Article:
|NOW-2 (1997) 105 Ultra-1 workstations (each with a 167 MHz UltraSPARC micro- processor, 128 MB of memory, and 2 Seagate Hawk 2 GB 5400 RPM 3.5 inch disks) connected Myrinet switched system area network with each link operating at 160 MBytes/second.||T0 (1995) includes a MIPS-II 32-bit integer RISC core, a 1 KB instruction cache, a fixed-point vector coprocessor, and a 128-bit wide external memory interface. Fabricated in a 1.0 micron CMOS process, the die measures 280 mm2, contains 730,701 transistors, and runs at 45 MHz.|
|Tertiary Disk (1997) consists of a cluster of 20 PCs which host 396 8.4 GB, 7200 RPM, 3.5-inch IBM disks contained in seven 7-foot high, 19-inch wide racks. The PCs are P6-200MHz with 96 MB of DRAM each. They run FreeBSD 3.0 and the hosts are connected via switched 100Mbit/second Ethernet.||VLSI-BAM
(1990) is a RISC microprocessor with support for Prolog.
Fabricated in 1.2 micron CMOS the die measures 169 mm2, contains
112,000 transistors, runs at 20 MHz and consumes 1 Watt at 5 Volts.
|RAID-II (1993) consisted of three racks. The outer two racks contained 144 disks (3.5 inch IBM 320 MB SCSI) and their power supplies. The center rack contains three chassis: the top chassis holds VME disk controller boards (Interphase Cougar), the center chassis contains the custom crossbar switch (XBUS) and HIPPI interface boards; and the bottom chassis contains the Sun 4/280 workstation. This network attached storage devise was connected over 100 megabyte over second HIPPI network (UltraNet).||SPUR chips (1988) This custom chip set enabled a multi- processor workstation. The processor is 170 mm2, contains 115,214 transistors, was fabbed in a 1.6 micron CMOS, and operates at 10 MHz. It contains a RISC processor designed to run Lisp well. The snooping cache controller is 130 mm2 in the same technology and contains 68,385 transistors. The floating point unit is 130 mm2 in the same technology and contained about 110,000 transistors.|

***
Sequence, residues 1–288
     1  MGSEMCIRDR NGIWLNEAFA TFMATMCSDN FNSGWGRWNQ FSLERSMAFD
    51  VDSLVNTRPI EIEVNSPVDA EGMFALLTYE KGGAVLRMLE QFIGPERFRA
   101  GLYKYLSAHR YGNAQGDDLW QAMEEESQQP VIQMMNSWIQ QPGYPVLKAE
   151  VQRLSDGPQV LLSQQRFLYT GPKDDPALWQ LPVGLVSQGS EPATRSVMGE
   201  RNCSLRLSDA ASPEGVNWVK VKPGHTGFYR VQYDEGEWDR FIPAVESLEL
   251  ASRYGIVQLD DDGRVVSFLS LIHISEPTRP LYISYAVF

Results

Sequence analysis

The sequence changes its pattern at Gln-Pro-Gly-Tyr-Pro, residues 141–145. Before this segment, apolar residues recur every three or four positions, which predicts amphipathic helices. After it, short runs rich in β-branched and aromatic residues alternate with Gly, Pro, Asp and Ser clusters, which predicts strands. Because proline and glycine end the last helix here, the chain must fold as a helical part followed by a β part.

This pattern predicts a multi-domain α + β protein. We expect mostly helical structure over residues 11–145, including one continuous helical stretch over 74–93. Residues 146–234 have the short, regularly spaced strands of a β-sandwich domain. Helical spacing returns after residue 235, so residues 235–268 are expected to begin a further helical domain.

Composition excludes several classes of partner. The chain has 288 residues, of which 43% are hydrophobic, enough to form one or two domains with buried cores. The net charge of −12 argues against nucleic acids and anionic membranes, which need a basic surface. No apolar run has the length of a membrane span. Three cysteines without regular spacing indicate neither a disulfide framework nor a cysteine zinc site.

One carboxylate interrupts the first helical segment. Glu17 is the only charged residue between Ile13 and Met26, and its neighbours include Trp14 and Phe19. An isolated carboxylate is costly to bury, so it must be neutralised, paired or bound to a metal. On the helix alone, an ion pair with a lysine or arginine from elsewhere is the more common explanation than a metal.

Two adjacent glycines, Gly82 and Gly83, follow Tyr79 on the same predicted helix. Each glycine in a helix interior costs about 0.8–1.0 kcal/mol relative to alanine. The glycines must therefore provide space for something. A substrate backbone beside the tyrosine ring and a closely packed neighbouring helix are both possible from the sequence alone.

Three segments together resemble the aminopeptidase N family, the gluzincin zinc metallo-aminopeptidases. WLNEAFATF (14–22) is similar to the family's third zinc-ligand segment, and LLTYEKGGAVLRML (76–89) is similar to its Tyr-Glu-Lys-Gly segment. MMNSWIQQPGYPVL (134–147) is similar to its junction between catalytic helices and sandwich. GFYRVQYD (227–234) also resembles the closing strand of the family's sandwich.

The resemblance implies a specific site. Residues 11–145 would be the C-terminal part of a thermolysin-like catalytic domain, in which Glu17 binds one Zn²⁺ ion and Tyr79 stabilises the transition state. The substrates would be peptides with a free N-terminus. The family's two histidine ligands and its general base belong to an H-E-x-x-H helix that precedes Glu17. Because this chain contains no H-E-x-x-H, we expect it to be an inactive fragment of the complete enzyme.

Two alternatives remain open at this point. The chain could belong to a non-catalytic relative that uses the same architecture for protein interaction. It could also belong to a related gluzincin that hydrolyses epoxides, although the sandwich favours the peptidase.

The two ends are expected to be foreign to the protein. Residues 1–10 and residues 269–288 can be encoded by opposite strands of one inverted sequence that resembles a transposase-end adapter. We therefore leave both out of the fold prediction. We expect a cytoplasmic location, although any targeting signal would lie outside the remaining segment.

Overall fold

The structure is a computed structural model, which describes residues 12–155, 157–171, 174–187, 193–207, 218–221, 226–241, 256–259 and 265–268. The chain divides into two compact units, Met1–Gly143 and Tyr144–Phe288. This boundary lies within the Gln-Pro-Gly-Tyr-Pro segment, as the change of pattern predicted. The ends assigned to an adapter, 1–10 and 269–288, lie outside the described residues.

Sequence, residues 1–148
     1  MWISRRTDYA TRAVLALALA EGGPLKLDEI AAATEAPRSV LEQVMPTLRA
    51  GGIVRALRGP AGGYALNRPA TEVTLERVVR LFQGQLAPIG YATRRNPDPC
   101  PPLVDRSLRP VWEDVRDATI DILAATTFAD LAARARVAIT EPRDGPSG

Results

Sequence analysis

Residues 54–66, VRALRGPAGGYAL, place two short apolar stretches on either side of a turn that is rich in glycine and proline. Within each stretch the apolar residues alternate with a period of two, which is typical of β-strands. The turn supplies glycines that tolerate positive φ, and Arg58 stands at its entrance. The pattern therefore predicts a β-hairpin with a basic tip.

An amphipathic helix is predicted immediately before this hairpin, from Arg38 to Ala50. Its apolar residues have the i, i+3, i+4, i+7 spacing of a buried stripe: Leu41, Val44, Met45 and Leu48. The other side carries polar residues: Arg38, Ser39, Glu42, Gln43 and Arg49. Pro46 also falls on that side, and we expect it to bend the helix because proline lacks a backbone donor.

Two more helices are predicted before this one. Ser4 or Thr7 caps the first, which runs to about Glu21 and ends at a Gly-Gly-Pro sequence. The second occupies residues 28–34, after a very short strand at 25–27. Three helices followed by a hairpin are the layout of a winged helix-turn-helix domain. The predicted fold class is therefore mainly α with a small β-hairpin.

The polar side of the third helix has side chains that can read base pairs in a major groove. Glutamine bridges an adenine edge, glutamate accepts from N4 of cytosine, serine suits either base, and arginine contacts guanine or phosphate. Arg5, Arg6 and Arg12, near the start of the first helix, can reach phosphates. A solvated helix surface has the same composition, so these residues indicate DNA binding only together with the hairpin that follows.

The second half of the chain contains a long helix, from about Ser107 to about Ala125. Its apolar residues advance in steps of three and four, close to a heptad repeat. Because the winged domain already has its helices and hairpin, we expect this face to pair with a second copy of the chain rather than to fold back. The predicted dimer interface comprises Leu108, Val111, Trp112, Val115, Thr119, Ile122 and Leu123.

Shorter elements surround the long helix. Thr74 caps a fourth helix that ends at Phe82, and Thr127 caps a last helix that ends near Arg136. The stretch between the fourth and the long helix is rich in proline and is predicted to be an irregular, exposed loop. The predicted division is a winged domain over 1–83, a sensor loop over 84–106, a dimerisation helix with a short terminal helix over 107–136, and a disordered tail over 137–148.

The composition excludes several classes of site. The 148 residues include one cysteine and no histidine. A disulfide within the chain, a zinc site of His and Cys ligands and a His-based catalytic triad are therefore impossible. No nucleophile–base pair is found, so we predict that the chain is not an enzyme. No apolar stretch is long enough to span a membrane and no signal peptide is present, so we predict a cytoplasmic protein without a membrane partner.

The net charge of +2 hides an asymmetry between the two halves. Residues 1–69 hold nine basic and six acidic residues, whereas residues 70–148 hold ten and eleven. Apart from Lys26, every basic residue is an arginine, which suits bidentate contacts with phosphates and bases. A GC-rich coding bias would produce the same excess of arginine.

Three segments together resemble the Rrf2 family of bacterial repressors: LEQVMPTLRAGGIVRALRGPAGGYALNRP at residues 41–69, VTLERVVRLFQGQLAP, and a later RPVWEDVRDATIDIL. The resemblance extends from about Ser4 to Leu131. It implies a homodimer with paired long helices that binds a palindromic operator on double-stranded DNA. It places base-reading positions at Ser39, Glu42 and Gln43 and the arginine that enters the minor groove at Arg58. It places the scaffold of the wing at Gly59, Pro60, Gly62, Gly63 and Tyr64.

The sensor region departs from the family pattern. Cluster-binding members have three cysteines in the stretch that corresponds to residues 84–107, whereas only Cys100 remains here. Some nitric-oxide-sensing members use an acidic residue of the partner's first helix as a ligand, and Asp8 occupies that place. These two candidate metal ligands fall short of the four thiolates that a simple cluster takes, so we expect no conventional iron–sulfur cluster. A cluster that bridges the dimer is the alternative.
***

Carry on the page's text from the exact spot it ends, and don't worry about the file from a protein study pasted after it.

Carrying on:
|RAID-I (1989) consisted of a Sun 4/280 workstation with 128 MB of DRAM, four dual-string SCSI controllers, 28 5.25-inch SCSI disks and specialized disk striping software.||SOAR (1984) A 32-bit RISC chip designed to run Smalltalk. It contains 35,700 transistors, size is 89 mm2, was fabbed in 4 micron NMOS, dissipates 3W, and runs at 2.5 MHz.|
As part of Project Genie (1964-65), Berkeley adds paged virtual memory to a SDS 930, which SDS then sells as the SDS 940 in April 1966. L. Peter Deutsch, Butler Lampson, and Chuck Thacker worked on this as students of Professor Bob Evans.
|RISC-II (1983) contains 40,760 transistors, was fabbed in 3 micron NMOS, ran at 3 MHz, and the size is 60 mm2.|
|California Digital Computer (CALDIC) (1951) This easy-to-understand, low-cost computer was developed by Berkeley students like Doug Englebart and Al Hoagland, and led by Professor Paul Morton.||RISC-I (1982) Contains 44,420 transistors, fabbed in 5 micron NMOS, with a die area of 77 mm2, ran at 1 MHz. This chip is probably the first VLSI RISC.|